Comparison of the platelet-rich plasma and buffy coat protocols for preparation of canine platelet concentrates

Guillaume L. Hoareau, Karl Jandrey, Julie Burges, Daphne Bremer, Fern Tablin

Research output: Contribution to journalArticle

9 Scopus citations

Abstract

Background: Platelet (PLT) concentrates (PC) can be produced via the buffy coat (BC) or platelet-rich plasma (PRP) protocols. The 2 methods have not been compared with canine blood. Objectives: The aims of the study were to compare the PLT, WBC, and RBC concentrations, in vitro PLT function, and markers of platelet storage lesion (PSL) in canine PC generated by 2 different protocols, and determine microbial growth throughout storage. Methods: PC from 8 healthy donor dogs were produced using 2 standard protocols, PRP and BC. PLT, WBC, and RBC counts, optical aggregometry assays, and PSL markers (pH, pCO2, HCO3, lactate and glucose concentrations, and LDH activity) were determined on storage days 0, 1, 3, 5, and 7. Aerobic and anaerobic bacterial cultures were also performed. Results: Mean PLT counts were comparable between protocols and remained stable throughout storage up to day 7, while median WBC and RBC counts on day 0 were significantly higher in the BC-PC group (17,800 WBCs/μL; 195,000 RBCs/μL) than in the PRP-PC group (200 WBCs/μL; 10,000 RBCs/μL) (P = .012). In PRP-PC aggregometry, the median slope and amplitude in response to γ-thrombin and convulxin (+ ADP) were significantly decreased, and virtually absent in BC-PC during storage. PSL markers (lactate, LDH activity) were higher in BC-PC. Aerobic bacterial growth was observed in 2 PRP-PC and 1 BC-PC. Conclusions: This in vitro study suggests that PRP-PC had lesser WBC and RBC contamination and superior PLT function compared with BC-PC. In vivo studies are required to address safety and efficacy of PRP-PC.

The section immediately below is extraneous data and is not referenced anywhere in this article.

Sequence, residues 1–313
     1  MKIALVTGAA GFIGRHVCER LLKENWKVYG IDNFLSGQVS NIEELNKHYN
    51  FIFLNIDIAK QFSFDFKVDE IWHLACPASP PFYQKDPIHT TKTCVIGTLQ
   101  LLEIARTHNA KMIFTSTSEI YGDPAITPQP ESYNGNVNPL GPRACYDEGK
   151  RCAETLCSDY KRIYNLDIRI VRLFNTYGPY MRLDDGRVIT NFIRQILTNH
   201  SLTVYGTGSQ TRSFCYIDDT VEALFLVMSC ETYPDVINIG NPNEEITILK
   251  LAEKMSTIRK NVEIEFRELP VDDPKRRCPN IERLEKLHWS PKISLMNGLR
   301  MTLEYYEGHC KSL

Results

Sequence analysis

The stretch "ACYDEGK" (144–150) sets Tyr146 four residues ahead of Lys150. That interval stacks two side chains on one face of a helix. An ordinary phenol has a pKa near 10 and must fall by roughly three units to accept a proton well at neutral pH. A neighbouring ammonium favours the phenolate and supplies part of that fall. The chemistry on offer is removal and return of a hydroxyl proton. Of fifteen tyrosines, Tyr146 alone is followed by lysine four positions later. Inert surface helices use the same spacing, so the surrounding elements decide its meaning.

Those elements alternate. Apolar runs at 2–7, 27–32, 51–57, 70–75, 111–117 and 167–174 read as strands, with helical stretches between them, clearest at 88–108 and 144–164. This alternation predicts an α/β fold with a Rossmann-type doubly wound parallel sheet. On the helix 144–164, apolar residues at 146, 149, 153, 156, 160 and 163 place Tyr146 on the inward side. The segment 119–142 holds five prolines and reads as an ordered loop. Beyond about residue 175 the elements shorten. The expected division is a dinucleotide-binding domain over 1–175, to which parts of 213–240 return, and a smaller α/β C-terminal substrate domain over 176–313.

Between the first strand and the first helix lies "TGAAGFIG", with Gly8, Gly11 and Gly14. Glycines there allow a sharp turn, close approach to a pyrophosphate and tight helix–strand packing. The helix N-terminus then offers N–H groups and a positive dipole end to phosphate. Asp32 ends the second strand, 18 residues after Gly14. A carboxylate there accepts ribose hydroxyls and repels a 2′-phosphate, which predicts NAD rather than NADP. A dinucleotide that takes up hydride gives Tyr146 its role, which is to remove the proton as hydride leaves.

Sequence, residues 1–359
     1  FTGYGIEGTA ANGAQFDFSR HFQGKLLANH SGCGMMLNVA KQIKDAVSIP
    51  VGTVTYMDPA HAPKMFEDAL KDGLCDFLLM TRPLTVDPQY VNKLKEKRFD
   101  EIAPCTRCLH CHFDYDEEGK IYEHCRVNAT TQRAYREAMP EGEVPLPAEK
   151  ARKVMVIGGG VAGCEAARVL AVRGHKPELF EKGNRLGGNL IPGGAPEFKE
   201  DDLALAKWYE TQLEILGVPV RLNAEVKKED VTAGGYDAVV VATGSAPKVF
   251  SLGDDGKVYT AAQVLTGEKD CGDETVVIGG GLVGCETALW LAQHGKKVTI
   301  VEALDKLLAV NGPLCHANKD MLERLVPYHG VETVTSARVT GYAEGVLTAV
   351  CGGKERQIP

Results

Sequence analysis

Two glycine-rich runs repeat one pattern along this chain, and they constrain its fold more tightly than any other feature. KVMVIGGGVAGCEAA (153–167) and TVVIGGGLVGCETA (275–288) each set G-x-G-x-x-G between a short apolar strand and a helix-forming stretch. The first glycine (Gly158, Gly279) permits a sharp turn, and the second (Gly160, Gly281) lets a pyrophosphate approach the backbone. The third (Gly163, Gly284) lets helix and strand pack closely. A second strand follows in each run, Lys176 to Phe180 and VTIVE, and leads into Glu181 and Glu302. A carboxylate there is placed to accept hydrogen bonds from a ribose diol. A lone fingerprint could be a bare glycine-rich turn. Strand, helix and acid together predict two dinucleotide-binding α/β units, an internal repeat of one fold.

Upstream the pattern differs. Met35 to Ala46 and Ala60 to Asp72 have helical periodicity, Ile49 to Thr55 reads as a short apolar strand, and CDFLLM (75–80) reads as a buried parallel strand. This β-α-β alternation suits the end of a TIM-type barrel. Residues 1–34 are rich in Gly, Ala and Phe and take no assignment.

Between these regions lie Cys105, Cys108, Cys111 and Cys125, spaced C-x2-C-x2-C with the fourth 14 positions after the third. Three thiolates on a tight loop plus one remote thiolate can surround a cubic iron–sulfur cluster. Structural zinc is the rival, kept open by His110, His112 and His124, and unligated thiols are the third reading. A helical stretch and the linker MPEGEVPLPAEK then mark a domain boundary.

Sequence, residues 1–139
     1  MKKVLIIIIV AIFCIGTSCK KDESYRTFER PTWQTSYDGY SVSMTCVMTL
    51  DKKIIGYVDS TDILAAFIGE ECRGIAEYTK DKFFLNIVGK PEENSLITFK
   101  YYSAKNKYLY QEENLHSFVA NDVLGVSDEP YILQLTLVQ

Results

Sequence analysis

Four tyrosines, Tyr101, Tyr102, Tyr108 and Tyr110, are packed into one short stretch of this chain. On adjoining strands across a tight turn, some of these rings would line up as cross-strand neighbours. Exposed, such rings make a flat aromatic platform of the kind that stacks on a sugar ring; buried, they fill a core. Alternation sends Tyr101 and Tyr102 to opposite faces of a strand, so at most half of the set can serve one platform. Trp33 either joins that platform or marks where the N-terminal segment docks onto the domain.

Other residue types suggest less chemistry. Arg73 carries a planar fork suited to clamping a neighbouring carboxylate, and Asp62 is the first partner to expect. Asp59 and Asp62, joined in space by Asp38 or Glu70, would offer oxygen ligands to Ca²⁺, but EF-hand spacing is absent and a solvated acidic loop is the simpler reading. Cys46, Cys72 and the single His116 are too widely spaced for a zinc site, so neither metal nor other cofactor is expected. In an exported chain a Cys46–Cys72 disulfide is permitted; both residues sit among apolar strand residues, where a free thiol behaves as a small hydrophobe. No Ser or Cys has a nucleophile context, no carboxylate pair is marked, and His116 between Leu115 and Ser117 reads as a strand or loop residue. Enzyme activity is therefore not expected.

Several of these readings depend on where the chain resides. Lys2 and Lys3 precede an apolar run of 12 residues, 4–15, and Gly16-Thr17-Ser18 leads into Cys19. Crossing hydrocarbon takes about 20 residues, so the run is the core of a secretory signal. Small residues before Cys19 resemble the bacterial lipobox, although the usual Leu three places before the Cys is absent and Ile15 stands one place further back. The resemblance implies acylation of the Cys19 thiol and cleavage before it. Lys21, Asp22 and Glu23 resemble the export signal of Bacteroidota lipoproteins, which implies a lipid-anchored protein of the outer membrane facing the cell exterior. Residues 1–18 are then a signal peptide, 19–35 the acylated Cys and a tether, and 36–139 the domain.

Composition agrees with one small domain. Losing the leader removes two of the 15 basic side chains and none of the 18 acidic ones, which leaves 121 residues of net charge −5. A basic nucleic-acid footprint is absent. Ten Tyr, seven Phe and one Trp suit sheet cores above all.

Original languageEnglish (US)
Pages (from-to)513-518
Number of pages6
JournalVeterinary Clinical Pathology
Volume43
Issue number4
DOIs
StatePublished - Dec 1 2014

Keywords

  • Aggregometry
  • Dog
  • Platelet centrifugation
  • Platelet function
  • Platelet storage lesion

ASJC Scopus subject areas

  • veterinary(all)

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